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Open Access Publishing : What is Open Access (OA)?

Definition

According to the Scholarly Publishing and Academic Resources Coalition - Open Access is the free, immediate, online availability of research articles coupled with the right to use these articles fully in the digital environment.

Librarian

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Brandy Hardy
she/her/hers
Contact:
Wake Forest School of Medicine
Coy C. Carpenter Library
336-716-0078

Librarian

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Dianne Johnson
she/her/hers
Contact:
Wake Forest School of Medicine
Coy C. Carpenter Library
336-716-3690

Advancing the Impact of Wake Forest University Research

The WFSM Carpenter Library is aiming to promote broad public access to the scholarly work of Wake Forest School of Medicine. Publishing Open access will improve dissemination, increase visibility, and accelerate discovery of knowledge. The Library is actively seeking opportunities for our authors to participate in Open Access publishing. For more information contact Carpenter Library. 

 

What is Open Access?

Open Access is a form of publishing in which information is made available to readers at no cost. Open access eliminates barriers to access and provides an opportunity for academic research or scholarly content to reach and influence a broader audience. Research is made freely available online for anyone across the world to read and cite. Open access provides many opportunities for new and innovative developments in research and publishing. 

Why publish Open Access? 

Research that is published Open Access is made available across the world which increases visibility. Increased visibility can contribute to increased readership and citation of your work. This exposure can positively influence your career and funding opportunities. Open access can more greatly influence research breakthroughs, improve research outcomes, and increase the chances of research being put into action.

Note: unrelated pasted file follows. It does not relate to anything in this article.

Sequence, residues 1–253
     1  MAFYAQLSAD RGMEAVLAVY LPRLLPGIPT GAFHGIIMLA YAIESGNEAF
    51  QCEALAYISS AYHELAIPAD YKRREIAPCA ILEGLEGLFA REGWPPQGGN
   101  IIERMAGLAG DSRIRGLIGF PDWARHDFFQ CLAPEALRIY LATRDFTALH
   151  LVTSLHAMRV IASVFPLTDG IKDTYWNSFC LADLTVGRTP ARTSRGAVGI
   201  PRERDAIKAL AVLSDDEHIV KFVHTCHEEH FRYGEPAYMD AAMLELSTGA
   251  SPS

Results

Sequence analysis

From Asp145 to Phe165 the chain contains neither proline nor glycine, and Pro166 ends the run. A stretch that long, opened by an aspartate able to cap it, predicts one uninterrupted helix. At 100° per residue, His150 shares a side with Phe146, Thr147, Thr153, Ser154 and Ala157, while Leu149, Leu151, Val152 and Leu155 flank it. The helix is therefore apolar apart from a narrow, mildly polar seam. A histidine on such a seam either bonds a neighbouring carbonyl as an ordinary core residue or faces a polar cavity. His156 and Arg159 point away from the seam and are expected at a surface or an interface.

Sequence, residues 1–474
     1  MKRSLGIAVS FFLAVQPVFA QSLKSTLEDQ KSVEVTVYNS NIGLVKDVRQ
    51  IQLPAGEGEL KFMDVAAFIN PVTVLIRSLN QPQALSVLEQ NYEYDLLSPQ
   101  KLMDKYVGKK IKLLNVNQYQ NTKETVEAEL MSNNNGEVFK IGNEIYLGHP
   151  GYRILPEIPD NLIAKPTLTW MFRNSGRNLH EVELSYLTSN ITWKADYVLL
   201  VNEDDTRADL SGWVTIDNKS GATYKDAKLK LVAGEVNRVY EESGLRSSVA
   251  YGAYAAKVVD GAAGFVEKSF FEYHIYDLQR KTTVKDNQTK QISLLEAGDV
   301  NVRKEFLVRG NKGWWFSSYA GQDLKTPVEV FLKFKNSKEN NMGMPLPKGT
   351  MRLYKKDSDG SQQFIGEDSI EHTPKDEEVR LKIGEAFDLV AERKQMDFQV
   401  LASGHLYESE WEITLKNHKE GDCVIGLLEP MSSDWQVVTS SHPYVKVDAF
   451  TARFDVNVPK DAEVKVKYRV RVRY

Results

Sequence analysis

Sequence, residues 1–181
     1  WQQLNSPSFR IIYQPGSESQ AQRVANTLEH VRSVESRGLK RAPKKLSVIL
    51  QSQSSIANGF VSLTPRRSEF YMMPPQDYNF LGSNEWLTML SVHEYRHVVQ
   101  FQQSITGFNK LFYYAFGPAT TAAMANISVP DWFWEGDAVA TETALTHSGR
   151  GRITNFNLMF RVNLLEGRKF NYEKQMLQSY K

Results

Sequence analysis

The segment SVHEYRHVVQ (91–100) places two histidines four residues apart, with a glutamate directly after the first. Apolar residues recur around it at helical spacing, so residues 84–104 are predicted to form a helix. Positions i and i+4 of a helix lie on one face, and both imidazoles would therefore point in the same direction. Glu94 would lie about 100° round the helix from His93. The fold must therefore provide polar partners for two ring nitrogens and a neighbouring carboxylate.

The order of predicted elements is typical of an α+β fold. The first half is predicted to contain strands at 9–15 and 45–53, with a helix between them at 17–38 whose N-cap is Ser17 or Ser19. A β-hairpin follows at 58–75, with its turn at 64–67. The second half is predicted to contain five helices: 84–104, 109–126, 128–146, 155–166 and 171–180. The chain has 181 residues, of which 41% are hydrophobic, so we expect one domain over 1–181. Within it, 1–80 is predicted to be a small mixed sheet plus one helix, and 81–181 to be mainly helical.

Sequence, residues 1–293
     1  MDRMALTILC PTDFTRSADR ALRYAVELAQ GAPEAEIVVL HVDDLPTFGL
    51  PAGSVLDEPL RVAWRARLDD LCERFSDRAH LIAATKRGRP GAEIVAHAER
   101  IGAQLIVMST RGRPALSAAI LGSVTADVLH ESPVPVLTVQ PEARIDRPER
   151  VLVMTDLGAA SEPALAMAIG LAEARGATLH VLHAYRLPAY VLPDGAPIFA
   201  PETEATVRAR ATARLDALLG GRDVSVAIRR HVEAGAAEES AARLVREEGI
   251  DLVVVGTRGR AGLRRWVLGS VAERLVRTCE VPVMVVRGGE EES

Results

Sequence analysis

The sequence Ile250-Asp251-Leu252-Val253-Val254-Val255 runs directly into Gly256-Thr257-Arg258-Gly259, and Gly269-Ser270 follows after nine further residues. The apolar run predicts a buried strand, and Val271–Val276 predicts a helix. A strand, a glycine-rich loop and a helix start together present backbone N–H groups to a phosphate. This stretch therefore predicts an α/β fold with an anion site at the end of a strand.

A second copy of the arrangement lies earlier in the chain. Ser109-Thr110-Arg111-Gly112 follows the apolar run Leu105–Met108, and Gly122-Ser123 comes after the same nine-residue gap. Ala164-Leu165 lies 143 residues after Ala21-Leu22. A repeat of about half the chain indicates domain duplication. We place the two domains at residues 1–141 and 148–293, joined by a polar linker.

What are your publishing options?

Some OA publishing models include Full Gold, Hybrid Gold, and Green. Full Gold OA makes the final published article permanently free upon publication for readers to access under a Creative Commons license. Hybrid Gold OA articles are published in subscription journals and authors choose to make their article Open Access. Green OA makes the article freely available in a repository and an embargo period may be applied by the publisher.

Carpenter Library has worked to secure open access publishing opportunities for the institution. Visit the OA Opportunities at WFSM tab in this guide for more information about each opportunity. 

Fees and funding?

Authors typically incur publishing charges from the publisher and many times those fees are high dollar. In publishing OA, there are options available to assist authors with article publishing or processing charges (APC). At this time the library does not have a fund to cover publishing costs for authors. However, we have partnered with publishing groups to afford researchers the opportunity to publish their work open access in both fully open and hybrid journals at little or no cost to the author.

Compliance? Copyright?

Many authors are required to publish their research open access by their funder or institution. Publishing OA in a journal or book enables researchers to comply with these requirements.

Open access is as much about enabling re-use as it is about making material freely available to the reader. Open access articles should be made available using some form of licensing where the author can share open access content such as a Creative Commons (CC) License. A CC license will enable authors to dictate how others use and build upon your published work. Licensing advice can be provided by the publishing company you choose to publish you open access work with. 

Should I be concerned with Predatory Publishing in Open Access journals?

The term "predatory publishing" was coined by a librarian named Jeffrey Beall to describe publishers who were publishing articles with little or no real peer review and tricking authors into paying for and publishing in unofficial journals. This subsequently allows unvetted and poor quality articles onto research platforms.

Research published in predatory journals may be less valued and carry less weight in the scientific community. Unfortunately, predatory publishing is a growing concern for authors and Open access publishing does not eliminate that concern. It is best to consult with your librarian to get assistance in identifying predatory journals

For any questions related to open access publishing, agreements, and discounts, please contact our Scholarly Publications Librarian Dianne Johnson.

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